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British Napoleonic Bugle calls
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Eddie
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PostPosted: Thu Nov 15, 2012 8:44 pm    Post subject:  Reply with quote

khazzard2000 wrote:
Interesting stuff Eddie. But I think I may have lost you somewhere. Just to clarify, what are the correct calls for we riflemen to use for our flag raising and lowering ceremonies?


Hmmm - good question Kieran
I suppose we ought first to highlight that as Rifles we don't have Colours -so would we have had a camp Union Flag? -which in itself would necessitate a Flag pole to raise it up and down on. I guess to be accurate we possibly  would only have such things in a permanent camp, Barracks or a Fort.

Laying aside these points - a few Napoleonic British reenactor units do, as you know,  have a daily Flag ceremony marking the beginning and end of the day. The 44th in particular do it with some style. I rather like it.

Did they have such ceremonies in the British Army of the time? The 85th Light Infantry Standing Orders 1813 makes no mention of such in the daily routine -  though it does say that Retreat was to be sounded at sunset by the whole corps of Buglers - thats 22 of them  - quite a noise!

But to get back to your point - the calls most appropriate I would say are  "General Salute"  to raise it  and "Retreat" to lower it (Barracks version as opposed to  "Retreat" on the field). Even today aboard HM RN ships - as I understand it as a non-matelot - the ceremony of Colours utilises these two calls.

"Retreat"  was a ceremony in itself - as I expect you know - which in the early days would not have  included Bugles - and we could well expect the Union flag to be lowered at the same time - sunset.

Both the General Salute and Retreat calls which many serving and ex- servicemen are familiar with today  - are actually Victorian adaptions of Napoleonic Bugle calls and only appear in such form in manuals from 1860 onwards.

The General Salute of the period  (shown in the Potter extract above)  is a shorter call than the modern one though it starts the same.  "Salute for Guard" could also be a contender for flag raising.

The Retreat call played today - "Sunset" as it is called in the Navy  - though very nice  - is not the one shown as such in period manuals - though it is actually Napoleonic and was originally included in Hydes' Preceptor as an untitled duet for Bugles!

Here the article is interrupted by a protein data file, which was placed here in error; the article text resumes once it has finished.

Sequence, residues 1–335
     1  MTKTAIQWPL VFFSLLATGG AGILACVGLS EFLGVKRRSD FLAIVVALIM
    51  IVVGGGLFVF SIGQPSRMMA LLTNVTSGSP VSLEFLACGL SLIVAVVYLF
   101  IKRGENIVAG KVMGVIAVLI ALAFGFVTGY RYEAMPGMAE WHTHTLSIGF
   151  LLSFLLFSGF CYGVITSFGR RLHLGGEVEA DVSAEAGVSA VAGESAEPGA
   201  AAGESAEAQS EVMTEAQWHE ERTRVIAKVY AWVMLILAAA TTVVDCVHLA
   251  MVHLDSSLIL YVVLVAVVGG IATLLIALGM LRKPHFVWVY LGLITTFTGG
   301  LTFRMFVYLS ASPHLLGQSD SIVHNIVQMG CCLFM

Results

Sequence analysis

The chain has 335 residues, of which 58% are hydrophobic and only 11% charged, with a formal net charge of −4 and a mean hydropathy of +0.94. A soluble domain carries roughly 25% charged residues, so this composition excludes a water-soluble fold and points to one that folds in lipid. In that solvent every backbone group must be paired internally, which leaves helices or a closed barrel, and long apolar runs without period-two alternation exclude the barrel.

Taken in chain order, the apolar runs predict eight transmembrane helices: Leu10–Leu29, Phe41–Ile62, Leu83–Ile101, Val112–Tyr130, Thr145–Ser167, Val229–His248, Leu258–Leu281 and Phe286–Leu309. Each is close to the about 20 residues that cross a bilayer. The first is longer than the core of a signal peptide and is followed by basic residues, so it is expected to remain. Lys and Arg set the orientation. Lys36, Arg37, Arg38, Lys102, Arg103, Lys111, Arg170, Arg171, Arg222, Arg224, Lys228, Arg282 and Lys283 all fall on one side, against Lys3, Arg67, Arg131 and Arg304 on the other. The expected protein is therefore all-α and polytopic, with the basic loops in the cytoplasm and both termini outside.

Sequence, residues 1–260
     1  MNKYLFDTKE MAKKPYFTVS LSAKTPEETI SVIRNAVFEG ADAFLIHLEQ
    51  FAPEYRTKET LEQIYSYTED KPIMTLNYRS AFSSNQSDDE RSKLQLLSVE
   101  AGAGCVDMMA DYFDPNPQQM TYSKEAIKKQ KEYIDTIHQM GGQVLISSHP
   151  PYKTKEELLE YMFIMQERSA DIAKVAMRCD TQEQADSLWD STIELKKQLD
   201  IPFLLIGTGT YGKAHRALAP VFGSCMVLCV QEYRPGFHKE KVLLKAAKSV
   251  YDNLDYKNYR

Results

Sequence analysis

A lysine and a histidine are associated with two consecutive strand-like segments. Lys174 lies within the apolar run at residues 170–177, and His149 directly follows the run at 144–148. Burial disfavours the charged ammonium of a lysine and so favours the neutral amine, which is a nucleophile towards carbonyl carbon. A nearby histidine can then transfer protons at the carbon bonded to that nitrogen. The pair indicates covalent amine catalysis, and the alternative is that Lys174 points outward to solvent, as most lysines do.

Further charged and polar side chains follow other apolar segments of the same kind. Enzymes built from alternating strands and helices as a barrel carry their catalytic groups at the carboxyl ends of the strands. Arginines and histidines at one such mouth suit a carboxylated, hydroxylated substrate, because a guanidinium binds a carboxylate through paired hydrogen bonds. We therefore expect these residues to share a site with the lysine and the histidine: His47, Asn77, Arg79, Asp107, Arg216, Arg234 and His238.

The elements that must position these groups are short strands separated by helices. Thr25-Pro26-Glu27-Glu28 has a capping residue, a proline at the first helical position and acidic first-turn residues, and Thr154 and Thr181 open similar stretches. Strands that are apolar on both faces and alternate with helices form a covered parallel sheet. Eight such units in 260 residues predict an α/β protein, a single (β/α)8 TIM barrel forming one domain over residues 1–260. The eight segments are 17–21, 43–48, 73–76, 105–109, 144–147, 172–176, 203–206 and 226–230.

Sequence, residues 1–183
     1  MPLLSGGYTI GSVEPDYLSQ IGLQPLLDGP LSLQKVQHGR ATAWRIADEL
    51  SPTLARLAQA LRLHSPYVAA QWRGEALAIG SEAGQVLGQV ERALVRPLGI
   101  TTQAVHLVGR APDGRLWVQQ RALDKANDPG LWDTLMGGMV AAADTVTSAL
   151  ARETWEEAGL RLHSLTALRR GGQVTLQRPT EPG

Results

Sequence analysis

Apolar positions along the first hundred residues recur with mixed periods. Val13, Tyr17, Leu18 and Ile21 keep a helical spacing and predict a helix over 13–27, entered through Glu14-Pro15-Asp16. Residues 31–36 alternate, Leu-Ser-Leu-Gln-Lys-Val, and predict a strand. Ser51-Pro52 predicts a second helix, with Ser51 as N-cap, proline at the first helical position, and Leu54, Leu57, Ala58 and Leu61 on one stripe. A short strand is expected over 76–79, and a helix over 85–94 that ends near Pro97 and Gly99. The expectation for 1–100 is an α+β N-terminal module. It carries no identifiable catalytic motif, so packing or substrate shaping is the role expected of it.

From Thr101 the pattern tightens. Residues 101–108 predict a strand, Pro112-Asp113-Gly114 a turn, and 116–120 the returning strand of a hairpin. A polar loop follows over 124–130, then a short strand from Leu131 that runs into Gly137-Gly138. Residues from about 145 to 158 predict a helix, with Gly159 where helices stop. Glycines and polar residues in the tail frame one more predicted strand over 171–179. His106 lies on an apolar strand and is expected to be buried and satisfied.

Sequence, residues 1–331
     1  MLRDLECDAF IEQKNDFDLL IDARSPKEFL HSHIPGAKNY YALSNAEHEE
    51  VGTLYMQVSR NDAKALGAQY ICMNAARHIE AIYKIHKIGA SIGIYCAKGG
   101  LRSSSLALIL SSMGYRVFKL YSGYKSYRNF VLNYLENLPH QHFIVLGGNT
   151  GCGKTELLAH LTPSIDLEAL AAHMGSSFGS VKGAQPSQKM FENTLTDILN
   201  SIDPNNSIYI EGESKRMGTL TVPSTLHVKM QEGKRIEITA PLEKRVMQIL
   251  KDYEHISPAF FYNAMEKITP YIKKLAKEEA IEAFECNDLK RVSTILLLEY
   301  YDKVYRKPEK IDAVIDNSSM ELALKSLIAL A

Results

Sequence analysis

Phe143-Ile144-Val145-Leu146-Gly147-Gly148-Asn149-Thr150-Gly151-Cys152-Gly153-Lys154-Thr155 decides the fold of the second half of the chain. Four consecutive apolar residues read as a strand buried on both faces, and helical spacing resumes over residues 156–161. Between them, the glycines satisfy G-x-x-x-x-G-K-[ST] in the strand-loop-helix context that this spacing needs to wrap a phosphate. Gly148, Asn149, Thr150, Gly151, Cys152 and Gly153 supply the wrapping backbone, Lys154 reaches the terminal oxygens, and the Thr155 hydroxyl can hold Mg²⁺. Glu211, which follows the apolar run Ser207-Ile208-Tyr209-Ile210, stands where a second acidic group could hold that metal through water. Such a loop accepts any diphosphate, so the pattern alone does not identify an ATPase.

The proper Retreat call is shown in both Hyde  1798 and Cooper 1806 (see extract above) -  but it is a rather strange and discordant thing - though perhaps that just my poor attempt at playing it!

I bet you wish you hadn't asked...............
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Eddie
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PostPosted: Wed Mar 20, 2013 2:59 pm    Post subject: Call to Arms! Reply with quote

Just looking through Mike Robinsons excellent book on Quatre Bras and came across this:

Brussells , Hotel de Flandre, early hours 16th June 1815 Charlotte Waldie:

"Scarcely had I laid my weary head on the pillow when the bugle's loud and commanding call sounded from the Place Royale " Is that the call to arms?" I exclaimed.................Hark! Again! It sounded through the silence of the night, and from every quarter of the town it was now repeated, at short and regular intervals. "It is the call to arms!" I exclaimed. Instantly the drums beat and the pibroch sounded.........."

What is puzzling me is just what the Buglers were playing - there is a Drum call "To Arms" but I am aware of no such named Bugle call in any period manual.

Kincaid : Tales from the Rifle Brigade Chapter XI  page 66  "when  the bugles sounded to arms"
also from same  - chapter XIX page  153  15th June 1815 Brussells  "The bugles sounded to arms about two hours later"

But then -  Simmons  - Brussells 15th June 1815 chapter 14 "At 11 o.clock pm when in bed, my servant came to rouse me, saying the assembly was sounding"

and also Leach  Chapter 21 Brussells 15th June 1815 " Soon after dark on the evening of the 15th, the drums beat to arms, and the bugle sounded to assemble the Division"

From this I am assuming that the call "Assembly" is also used as the call "To Arms".
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Eddie
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PostPosted: Wed Jan 01, 2014 7:50 pm    Post subject: Reply with quote

From "General Regulations and Orders for the Army 1811"



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Greg Renault
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PostPosted: Thu Jan 02, 2014 3:38 pm    Post subject: Reply with quote